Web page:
Friday, 29 April 2016

Intermission: Review - Building a PSC T34

 In order to give you the chance to go to the loo, get a kia-ora and a miniscule tube of ice cream, by way of an intermission, I thought I'd show how impressed I have been with the Plastic Soldier Company gear, namely their T34.
It's not exactly classic Airfix box art (two tankies playing a rubbish game of hide-and-seek) but we're more interested with the contents... Three models
 This is my basic You'll have your own, no doubt, but if you're a painter say, rather than a builder, then this might get you on that first rung. Contacta precision glue (not too runny) liquid poly with brush (very runny) Superglue, for when you want it to stick or someone's gonna die!...funnily enough not needed on this vice, tweezers open, tweezers closed, probe (in case of alien abduction) small nail scissors, straight scalpel blade and handle, cutting/assembly board and mug of hot tea.
PSC, Armourfast and other 'quick build' kit manufacturers are ideal. Get it built, get it painted, get it into action. The reverse of the box shows pretty well the whole procedure at a glance. Emphasis on 'quick' but you don't lose out on quality even with the extraordinary ease of construction.
 You get three identical sprues each with the capacity to make either the T34-76 (1943) or the T34-85 versions of this classic Russian tank.
 Good detail so pay attention to it. It will tell you which way up or what bit connects at which end IF you observe and dry assemble (i.e. put two bits together without glue first to make sure they do)
 Knife, supported cut...
 scissors, unsupported cut...Why emphasise this? I've broken key parts by stressing the sprue!
 You always get tags, flash or mould bumps (fewer with PSC and modern moulds) so, inspect each part as you cut it off and tidy as you pays you later, remember the seven 'P's

 Tip: as you go along bore out the end of the gun barrel. Put the point of the blade in the centre of the barrel and twist the knife as if you were putting in a screw. Alternatively you can use the pin vice for this if you have a small enough drill bit. NB. Keep bandages and a blood transfusion to hand and 999 on speed dial...thumbless of Belfast please note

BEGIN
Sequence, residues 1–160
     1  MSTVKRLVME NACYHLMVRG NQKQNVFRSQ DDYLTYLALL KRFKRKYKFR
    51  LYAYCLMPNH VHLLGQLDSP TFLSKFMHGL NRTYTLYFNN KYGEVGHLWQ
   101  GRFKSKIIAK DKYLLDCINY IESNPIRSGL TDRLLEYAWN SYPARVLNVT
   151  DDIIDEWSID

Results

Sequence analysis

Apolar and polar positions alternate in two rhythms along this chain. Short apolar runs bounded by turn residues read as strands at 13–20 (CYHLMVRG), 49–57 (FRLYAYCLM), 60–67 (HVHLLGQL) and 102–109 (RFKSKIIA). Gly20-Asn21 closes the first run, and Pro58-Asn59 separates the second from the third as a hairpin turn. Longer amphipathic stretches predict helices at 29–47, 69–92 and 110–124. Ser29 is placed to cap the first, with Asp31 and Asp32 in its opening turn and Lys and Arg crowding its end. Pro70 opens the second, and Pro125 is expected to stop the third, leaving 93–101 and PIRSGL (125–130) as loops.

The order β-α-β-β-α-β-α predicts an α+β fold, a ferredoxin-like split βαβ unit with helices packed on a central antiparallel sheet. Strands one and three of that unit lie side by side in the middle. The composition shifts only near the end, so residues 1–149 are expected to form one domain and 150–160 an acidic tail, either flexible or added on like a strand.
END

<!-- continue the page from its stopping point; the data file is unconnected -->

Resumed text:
You can fit the tracks over the wheel assembly just as easily but I prefered to make them up separately and push them on when dry. It's easier to sort if you've cocked up the track ends...observe, dry fit!
 Every piece has it's obvious place...
 ...just refer to the instructions/artwork for the road/drive wheel position. Dry fit won't help you this time because they fit running in each direction. Instead dry fit the top half of the body to the bottom half and then check for the direction of the road/drive wheel assembly with the instructions/artwork or reference material..the slightly bigger wheel is to the rear

 When you're confident glue it all together and, when dry, push the tracks on (dry first)

 I think the attention to detail is great. Look how these track links contour the wheels. This is nearly impossible with the old style rubber band type tracks...nearly, you need super glue and a lot of packing out to get this effect!
 Altogether now...
 Turret assembly is very straight forward. Refer to the artwork because Russian tank turret hatches hinge to the front which was good for the crew and, on the 1943 version produced the 'mickey mouse' effect when open.
 Build the '85 turret too. It's dead easy to have both options open for your scenarios.
 Keep the bits! There are often extra or alternative parts so hang on to them. Many an interesting effect has be secured by a visit to the 'bits box'.

Don't get me wrong, I love the old Airfix, Matchbox, et al kits but if I was at the beginning of my wargaming life I'd go for the quick builds. There's no contest; quick, quality and quantity.

Hope this is a help.


  1. Nice review. I have very fond memories of building Airfix and other kits, but nowadays give me quick-build or die-cast ready-made stuff.



  2. Got to the same stage in life as well, quick builds wherever possible. But I still like a bit of scratch building/modification occasionally

    1. Yes, I like your stuff, Will. When I need a tank regiment I chase down the quick builds and the old four part resin jobs too.

  3. Great post! I think the guys like PSC, and others fortunately, can never have enough compliments for their work. And it's nice to see this is the way as even the big companies, afraid of getting smaller, started to do the same. I still remember how frustating was in the past to buy models without crew members or stowage, it seemed as if that bit of extra plastic could be their ruin!

    1. Yes, I agree Joao. Giving a bit more is paying dividends to them in sales and solving the age old problems for us in 'crewing' and 'commanding' vehicles. Thanks for your comment.